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Creating Significant Learning Experiences in Libraries


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Creating Significant Learning Experiences in Libraries

  1. 1. Creating Significant Learning Experiences in the Library<br />Spencer Jardine<br />Cowpoke in ISU’s Oboler Library<br />
  2. 2. Write down answer on a piece of paper/3x5 card.<br />What is your dream as a library instructor/teacher?<br />What do you want your students/patrons to learn?<br />
  3. 3. Significant Learning<br /><ul><li> Students will be engaged in their own learning
  4. 4. There will be a high energy level
  5. 5. The whole process will have important outcomes and results
  6. 6. Potential for changing lives in important ways</li></ul>--- L. Dee Fink. Creating Significant <br />Learning Experiences(6).<br />
  7. 7. Significant Learning Outcomes/Results<br /><ul><li> Enhances our individual lives
  8. 8. Enables us to contribute to many communities
  9. 9. Prepares us for the world of work</li></ul>(Fink 22)<br />
  10. 10. Forces for Change<br />Information technology<br />New providers of educational services<br />Globalization of higher education<br />New kinds of students<br /> (Fink 12-13)<br />
  11. 11. Foster life skills & values<br /><ul><li>Character
  12. 12. Conscience
  13. 13. Citizenship
  14. 14. Tolerance
  15. 15. Civility
  16. 16. Social responsibility</li></ul>National Association of State<br />Universities and Land-Grant<br />Colleges <br />(See Fink 14-15)<br />
  17. 17. Critical Competencies<br />Conscientiousness, personal responsibility, & dependability<br />Ability to act ethically<br />Skill in oral and written communication<br />Interpersonal & team skills<br />Critical thinking skills<br />Respect for people different from oneself<br />Ability to change<br />Ability and desire for lifelong learning<br /> (Fink 16)<br />
  18. 18. Taxonomy of Significant Learning<br /><ul><li> Foundational knowledge
  19. 19. Application
  20. 20. Integration
  21. 21. Human Dimension
  22. 22. Caring
  23. 23. Learning how to learn</li></ul>(Fink 30)<br />
  24. 24. Information Literacy<br /><ul><li>Forms the basis for lifelong learning
  25. 25. Is common to all disciplines, to all learning environments, and to all levels of education
  26. 26. Enables learners to </li></ul> - master content <br /> - extend their investigations<br /> - become more self-directed<br /> - assume greater control of learning<br /> (ACRL Information Literacy Standards)<br />
  27. 27. Information-Literate Individuals Can<br /><ul><li>Determine the extent of information needed
  28. 28. Access the needed information effectively and efficiently
  29. 29. Evaluation information & its sources critically
  30. 30. Incorporate selected information into one’s own knowledge base
  31. 31. Use information effectively to accomplish a specific purpose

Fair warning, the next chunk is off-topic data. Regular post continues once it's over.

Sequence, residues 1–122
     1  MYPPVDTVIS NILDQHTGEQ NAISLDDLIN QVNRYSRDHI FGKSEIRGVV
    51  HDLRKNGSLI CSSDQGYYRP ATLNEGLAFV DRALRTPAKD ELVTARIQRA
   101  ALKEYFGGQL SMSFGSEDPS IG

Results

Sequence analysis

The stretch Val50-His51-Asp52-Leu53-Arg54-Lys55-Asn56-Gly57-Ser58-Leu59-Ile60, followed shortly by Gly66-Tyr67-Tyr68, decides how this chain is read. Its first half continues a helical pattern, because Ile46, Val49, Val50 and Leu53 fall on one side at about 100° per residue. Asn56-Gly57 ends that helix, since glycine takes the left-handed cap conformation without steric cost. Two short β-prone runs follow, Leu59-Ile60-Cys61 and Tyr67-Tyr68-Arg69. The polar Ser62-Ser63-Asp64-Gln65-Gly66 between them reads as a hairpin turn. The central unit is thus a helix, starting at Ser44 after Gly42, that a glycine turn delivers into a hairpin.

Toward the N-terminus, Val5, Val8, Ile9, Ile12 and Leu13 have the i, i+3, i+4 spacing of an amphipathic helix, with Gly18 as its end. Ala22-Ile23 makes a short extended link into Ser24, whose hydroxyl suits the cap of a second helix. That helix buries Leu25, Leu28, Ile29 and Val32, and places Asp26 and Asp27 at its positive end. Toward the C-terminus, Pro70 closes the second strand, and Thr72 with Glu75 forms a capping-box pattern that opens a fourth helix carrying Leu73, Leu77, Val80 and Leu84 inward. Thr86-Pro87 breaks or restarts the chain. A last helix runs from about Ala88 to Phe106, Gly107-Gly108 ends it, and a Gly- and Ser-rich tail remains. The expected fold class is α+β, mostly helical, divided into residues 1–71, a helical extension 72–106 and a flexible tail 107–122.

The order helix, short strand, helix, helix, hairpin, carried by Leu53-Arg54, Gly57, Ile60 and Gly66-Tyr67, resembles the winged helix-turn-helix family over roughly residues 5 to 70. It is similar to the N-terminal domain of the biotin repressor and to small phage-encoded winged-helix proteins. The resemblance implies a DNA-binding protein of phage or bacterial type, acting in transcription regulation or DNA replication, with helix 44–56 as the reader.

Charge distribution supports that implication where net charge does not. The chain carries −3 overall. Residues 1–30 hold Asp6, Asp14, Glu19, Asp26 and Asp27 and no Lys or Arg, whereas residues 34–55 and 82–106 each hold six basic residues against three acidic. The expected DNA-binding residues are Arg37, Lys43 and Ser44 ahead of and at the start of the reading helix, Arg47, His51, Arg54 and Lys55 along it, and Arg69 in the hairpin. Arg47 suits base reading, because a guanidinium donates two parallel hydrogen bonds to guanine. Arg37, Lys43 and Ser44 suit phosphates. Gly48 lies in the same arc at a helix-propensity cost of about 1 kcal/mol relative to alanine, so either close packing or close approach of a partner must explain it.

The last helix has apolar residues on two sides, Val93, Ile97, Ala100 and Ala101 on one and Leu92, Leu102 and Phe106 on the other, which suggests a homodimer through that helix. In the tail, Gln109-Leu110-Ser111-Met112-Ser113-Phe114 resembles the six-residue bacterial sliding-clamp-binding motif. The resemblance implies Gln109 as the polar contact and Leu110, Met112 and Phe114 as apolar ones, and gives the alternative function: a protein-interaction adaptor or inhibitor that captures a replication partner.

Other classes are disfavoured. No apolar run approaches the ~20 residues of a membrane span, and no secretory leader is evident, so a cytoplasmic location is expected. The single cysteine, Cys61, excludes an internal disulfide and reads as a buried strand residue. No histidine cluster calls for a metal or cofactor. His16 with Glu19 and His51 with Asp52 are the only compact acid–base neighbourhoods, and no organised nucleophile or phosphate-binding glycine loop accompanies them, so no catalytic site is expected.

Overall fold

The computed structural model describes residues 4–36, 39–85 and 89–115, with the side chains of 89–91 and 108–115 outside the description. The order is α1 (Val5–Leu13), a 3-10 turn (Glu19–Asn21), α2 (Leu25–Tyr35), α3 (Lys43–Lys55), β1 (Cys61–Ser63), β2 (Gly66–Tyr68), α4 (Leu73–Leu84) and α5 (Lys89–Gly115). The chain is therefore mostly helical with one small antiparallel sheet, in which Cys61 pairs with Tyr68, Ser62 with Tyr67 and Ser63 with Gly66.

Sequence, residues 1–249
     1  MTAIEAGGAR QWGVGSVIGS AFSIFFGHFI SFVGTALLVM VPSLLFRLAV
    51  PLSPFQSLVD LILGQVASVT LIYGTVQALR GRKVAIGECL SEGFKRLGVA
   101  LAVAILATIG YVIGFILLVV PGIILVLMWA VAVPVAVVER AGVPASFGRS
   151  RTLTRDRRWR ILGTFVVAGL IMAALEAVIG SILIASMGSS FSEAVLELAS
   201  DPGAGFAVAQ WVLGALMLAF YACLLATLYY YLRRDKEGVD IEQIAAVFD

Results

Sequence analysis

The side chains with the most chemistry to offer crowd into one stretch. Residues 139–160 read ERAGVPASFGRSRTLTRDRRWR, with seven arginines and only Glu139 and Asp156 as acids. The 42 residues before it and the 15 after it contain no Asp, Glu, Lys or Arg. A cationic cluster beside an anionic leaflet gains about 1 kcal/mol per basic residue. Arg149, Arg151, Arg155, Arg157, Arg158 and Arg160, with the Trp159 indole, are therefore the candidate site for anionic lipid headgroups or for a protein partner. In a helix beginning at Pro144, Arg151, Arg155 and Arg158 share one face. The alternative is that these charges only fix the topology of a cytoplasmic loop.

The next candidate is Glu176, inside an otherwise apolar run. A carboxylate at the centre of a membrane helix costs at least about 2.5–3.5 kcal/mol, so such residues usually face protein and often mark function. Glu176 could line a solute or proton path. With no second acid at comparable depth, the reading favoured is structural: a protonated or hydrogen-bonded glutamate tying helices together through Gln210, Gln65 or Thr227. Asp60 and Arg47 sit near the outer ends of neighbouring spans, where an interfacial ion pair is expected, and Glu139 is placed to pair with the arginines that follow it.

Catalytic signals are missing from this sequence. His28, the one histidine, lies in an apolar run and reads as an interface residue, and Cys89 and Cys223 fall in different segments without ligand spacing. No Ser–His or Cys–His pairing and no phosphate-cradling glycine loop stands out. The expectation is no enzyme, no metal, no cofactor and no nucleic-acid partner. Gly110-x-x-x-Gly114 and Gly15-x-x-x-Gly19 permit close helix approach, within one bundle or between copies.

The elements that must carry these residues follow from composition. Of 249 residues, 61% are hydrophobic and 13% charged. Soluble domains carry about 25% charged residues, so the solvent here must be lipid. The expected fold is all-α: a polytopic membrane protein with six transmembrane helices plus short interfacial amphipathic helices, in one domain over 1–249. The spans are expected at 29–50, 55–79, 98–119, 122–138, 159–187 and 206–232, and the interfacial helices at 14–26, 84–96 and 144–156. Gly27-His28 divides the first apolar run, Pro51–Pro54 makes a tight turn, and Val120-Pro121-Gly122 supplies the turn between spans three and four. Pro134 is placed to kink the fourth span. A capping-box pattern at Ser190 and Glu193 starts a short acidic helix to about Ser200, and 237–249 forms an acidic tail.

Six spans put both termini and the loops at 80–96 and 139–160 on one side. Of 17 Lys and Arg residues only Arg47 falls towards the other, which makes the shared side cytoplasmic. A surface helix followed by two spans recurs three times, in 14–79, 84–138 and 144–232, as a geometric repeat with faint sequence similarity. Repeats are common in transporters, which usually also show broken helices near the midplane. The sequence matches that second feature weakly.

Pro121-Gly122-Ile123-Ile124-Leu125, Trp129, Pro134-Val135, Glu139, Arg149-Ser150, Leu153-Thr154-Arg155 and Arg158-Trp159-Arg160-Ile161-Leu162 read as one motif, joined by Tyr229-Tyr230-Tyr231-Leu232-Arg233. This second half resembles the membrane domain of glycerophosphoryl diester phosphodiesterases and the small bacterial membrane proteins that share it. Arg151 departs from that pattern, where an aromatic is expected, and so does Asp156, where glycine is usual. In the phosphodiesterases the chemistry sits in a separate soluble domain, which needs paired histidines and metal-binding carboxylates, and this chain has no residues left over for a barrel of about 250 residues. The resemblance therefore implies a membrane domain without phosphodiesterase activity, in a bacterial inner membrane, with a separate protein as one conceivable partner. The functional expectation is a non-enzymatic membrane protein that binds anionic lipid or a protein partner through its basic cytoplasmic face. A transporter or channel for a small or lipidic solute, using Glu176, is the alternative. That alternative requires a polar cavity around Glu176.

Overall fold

32. 32. Understand the economic, social, & legal issues surrounding the use of information
  33. 33. Accesses and uses information ethically & legally</li></ul>(ACRL’s Information Literacy Standards)<br />
  34. 34. “FIDeLity” Feedback<br /><ul><li>Frequent
  35. 35. Immediate
  36. 36. Discriminating </li></ul> (based on criteria & standards)<br /><ul><li>Done lovingly (or, supportively)</li></ul>(Fink 95)<br />
  37. 37. Citation Assignment<br />In conjunction with “Evaluating Information—Applying the CRAAP Test” (Green handout)<br />Group exercise: evaluate an abstract<br />Hands-on time to do research<br />Complete “Citation Assignment”<br />Assessment done according to rubric guidelines<br />Cooperation of instructor<br />
  38. 38. Cephalonian Method<br />Print & hand out questions<br />Ask students to read their question if it has a big letter B or says “2nd Floor.”<br />Cons:<br />Takes preparation<br />Requires impromptu approach<br />Pros:<br />Gets students talking and asking questions<br />Involves many students<br />Great for tours<br />Works for instruction<br />Prompts the presenter  forgets less<br />
  39. 39. Visual Quiz<br /><ul><li>Divide into groups
  40. 40. Prepare multiple-choice questions
  41. 41. Prepare large, color-coded letters
  42. 42. Groups consult and agree on one answer
  43. 43. They hold up the letter that corresponds to their answer</li></ul>Pros:<br /><ul><li>Good for review
  44. 44. Develops competition
  45. 45. Enhances team-working & communication skills</li></ul>Con:<br /><ul><li>Requires preparation
  46. 46. Takes time</li></li></ul><li>One-Minute Essay<br />What was the most important thing you learned in class today?<br />What important question remains unanswered?<br />How might you use what you learned today outside of class?<br />Pros:<br /><ul><li>Can be answered on an evaluation form.
  47. 47. Gets students to think about their learning and how they might apply it.
  48. 48. Encourages critical thinking and recall.
  49. 49. Instructor can then give feedback.</li></li></ul><li>Think—Pair--Share<br />Ask a question<br />Have class write down their answer<br />Let students discuss answers in pairs<br />Call on students to share or ask for responses from the whole class<br />Pros:<br />Encourages thinking<br />Gets students to participate<br /> - More likely to share after talking with a peer<br />Creates a more lively class<br />Cons:<br />Time<br />
  50. 50. Should we make the effort to change or not?<br /><ul><li> Write down an answer.
  51. 51. What would you change?
  52. 52. Why?</li></ul> (Fink 1)<br />
  53. 53. So long, partner!<br />What was the most important thing you learned today?<br />What important question remains unanswered?<br />See Thomas Angelo and Patricia<br />Cross’s Classroom Assessment <br />Techniques: A Handbook for<br />College Teachers (148-58).<br />